Tony Danza on reuniting with Joseph Gordon-Levitt for ‘Don Jon’
A few weeks ago, “Taxi” turned 35. That and “Who’s the Boss?” are what Tony Danza is best known for — but he’s always been busy. A onetime boxer who stumbled into acting, he’s been a somewhat surprising stage star. Right now he’s prepping a musical version of the 1992 film “Honeymoon in Vegas,” with him in the James Caan role. He also spent a year teaching at Northeast High School in Philadelphia, which produced both the reality series “Teach: Tony Danza” and a book on his experiences. He’s now back in a medium that hasn’t always treated him well: movies, playing Joseph Gordon-Levitt’s dad in “Don Jon.”
You’ve been busy with stage work.
It’s all I want to do. When we were on “Taxi,” we used to talk of ourselves as a repertory company. When “Who’s the Boss?” went off the air, I did a play that came to New York. Once you do a play in New York, that’s it. The first time I was hooked. There’s something about doing a play in New York — it consumes your life, because you have to do it eight times a week. My father used to call it “lovely work.”
How does stage compare to TV work?
The thing that’s great about a sitcom is it’s like doing a little play every week. But with plays it’s that repetition that makes it so exciting. It reveals itself down the road. I’m a dancer as well, and I love when something’s in your bones and you don’t have to think about it. The only way you can do that is by doing it a hundred times. That’s what’s sad about being reviewed when you’re just starting as opposed to being reviewed after you’ve done it for awhile.
Your character in “Don Jon” isn’t very redemptive.
He’s not redemptive at all. But everybody you play you love. Tommy Korman in “Honeymoon in Vegas” is a manipulator and not a nice guy, and at the end he actually gets rough. But I love him. I don’t think you can be out there if you don’t love the guy. With Jon Sr. here — I know people like him. We’re all a bit like him. We’re a little bit disconnected, a bit less reciprocal than we’d like to be. He’s just a bit more extreme than most.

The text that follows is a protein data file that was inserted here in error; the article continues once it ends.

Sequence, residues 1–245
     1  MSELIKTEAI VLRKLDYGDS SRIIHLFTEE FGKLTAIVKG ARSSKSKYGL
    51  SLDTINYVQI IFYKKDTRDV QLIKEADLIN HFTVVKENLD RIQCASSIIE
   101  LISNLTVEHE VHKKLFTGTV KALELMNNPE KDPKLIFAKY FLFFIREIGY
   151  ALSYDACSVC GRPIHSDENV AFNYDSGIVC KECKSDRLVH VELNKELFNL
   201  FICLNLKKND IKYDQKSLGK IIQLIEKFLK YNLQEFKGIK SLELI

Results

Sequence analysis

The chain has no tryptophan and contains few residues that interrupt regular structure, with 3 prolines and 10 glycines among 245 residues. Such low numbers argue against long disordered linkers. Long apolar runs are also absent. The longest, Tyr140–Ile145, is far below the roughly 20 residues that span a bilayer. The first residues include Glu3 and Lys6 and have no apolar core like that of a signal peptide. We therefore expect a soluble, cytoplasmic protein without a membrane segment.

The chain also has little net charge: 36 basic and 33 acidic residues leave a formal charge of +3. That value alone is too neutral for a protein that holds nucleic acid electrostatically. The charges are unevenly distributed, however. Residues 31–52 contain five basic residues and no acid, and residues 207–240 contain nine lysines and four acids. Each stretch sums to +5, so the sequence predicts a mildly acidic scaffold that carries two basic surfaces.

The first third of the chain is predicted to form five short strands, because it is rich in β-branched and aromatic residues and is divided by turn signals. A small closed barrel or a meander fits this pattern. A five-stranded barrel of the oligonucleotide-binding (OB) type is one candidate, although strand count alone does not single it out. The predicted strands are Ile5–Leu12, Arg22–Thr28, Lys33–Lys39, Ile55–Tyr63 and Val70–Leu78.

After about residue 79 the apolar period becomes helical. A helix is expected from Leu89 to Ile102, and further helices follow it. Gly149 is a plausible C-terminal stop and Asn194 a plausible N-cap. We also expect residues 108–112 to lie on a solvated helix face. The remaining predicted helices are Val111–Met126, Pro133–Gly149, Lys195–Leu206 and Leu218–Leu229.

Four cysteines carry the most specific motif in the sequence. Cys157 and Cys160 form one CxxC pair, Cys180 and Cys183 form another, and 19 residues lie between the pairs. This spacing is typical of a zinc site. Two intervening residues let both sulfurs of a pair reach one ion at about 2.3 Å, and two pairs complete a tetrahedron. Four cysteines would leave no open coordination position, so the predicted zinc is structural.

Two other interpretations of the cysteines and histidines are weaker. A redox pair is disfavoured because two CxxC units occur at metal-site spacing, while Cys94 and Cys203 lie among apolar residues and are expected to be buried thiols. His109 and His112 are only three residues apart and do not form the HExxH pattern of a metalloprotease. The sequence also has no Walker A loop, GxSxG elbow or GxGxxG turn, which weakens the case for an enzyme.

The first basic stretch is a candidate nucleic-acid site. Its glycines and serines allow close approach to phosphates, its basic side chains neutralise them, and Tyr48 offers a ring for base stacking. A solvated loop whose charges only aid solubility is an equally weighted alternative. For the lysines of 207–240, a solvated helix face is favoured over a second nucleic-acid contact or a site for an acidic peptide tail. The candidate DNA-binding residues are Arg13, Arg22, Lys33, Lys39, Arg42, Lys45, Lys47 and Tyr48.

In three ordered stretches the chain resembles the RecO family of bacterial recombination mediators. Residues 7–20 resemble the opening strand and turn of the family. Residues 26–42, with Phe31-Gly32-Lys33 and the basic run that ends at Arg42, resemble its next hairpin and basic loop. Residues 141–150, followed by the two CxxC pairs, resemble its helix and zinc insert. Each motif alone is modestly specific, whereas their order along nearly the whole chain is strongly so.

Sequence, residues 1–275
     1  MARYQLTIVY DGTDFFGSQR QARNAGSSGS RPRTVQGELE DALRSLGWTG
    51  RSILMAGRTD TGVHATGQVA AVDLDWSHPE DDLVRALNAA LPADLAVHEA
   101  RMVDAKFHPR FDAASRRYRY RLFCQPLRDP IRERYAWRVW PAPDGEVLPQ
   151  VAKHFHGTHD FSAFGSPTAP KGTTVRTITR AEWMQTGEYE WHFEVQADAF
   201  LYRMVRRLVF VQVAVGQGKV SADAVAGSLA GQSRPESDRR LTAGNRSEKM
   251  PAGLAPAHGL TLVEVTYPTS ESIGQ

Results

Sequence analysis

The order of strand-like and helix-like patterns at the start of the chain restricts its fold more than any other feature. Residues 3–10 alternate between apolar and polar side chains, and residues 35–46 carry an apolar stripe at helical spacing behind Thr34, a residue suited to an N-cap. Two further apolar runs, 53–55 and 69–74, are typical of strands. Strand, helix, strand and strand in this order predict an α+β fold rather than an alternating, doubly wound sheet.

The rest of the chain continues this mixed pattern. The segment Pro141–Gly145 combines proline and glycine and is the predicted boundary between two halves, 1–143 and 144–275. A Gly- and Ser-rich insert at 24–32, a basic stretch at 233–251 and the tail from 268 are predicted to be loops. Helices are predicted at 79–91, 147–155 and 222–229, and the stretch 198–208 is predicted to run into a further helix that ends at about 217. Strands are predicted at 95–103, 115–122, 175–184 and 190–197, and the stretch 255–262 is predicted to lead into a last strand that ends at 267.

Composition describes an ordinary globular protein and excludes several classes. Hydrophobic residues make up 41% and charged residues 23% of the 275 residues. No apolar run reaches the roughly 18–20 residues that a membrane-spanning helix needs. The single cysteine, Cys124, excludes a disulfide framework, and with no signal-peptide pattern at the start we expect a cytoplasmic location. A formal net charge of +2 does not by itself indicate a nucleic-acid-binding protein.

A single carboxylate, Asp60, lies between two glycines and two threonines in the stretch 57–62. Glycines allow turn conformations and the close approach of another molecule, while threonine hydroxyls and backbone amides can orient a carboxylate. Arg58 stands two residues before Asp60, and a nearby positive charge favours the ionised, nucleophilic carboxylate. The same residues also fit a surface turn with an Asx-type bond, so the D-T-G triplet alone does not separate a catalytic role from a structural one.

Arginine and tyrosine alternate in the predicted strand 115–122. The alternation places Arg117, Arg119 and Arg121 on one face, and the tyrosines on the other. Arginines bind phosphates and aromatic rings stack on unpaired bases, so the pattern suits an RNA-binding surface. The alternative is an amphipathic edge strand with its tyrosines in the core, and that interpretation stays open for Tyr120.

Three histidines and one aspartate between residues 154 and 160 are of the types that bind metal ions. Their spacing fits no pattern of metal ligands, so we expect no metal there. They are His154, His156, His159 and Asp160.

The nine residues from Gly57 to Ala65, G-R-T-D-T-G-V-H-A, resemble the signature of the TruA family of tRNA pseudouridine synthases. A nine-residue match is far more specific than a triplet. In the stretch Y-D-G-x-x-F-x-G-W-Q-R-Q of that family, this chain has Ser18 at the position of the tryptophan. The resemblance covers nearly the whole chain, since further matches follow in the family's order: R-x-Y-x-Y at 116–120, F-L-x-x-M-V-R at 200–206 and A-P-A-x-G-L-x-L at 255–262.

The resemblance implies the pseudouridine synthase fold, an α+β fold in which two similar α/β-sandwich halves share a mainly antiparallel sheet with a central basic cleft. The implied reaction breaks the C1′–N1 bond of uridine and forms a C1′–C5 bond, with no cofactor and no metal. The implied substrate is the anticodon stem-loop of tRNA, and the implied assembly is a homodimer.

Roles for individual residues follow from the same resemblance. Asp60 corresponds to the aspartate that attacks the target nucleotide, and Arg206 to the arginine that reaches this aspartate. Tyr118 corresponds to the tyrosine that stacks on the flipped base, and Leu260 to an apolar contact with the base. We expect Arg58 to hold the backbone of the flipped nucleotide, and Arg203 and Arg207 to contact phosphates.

How was Joseph Gordon-Levitt as a first-time feature film director?
He’s terrific. He wrote a movie that captures the culture of the minute, and makes us laugh, and there’s a message that — he’s not proselytizing, but it’s there. It’s a cautionary tale, a comment on society. I think kids should see this movie, because it’s exactly what you don’t want to end up like. And then he directed it? Wow. Joe’s got a vision. He said to me, “I want these scenes to crack. I want them to snap. I don’t want to see Tony Danza.” We did a take and said, “I still like ya, get rid of that.”
You and Gordon-Levitt met while shooting “Angels in the Outfield.” What was he like then?
He was just a sweet kid. He’s always been a sweet kid. You knew he was talented. He was following the director around when he was 12 years old. He wanted to do this. This is the culmination. When he talks and when he walks, he reminds me of Gary Cooper. Take a look. The stature, the way he carries himself, the way he talks — he’s a real movie star. I already got the job so I don’t really have to do this, but I think he’s a terrific talent.
Danza spent a year teaching at Northeast High School in Philadelphia, which produced both the reality series “Teach: Tony Danza” and a book on his experiences. Of course, he has some things to say about the recent issues with massive school cuts.
“We have to make a commitment to educate all our kids, not just the ones who can pay $30,000 for the private schools, and not just the ones that are motivated,” he says. “The ones that aren’t motivated, that don’t have motivated parents — it’s not their fault. If you privatize, how do you not end up with a two-tiered system? Because the motivated kids with the motivated parents are going to go to the good schools, and then they’re going to leave everybody else behind. And the continuing budget cuts will come from the schools in the low income areas. One of the big problems we have in the country overall is the inequality and separation between rich and poor. Public school was a leveling thing. We all did it. Now we don’t. And isn’t this a pay me now or pay me more later situation? Because these kids are going to grow up into unproductive adults, and then you’re going to have to pay for them anyway, whether it be health care or welfare.”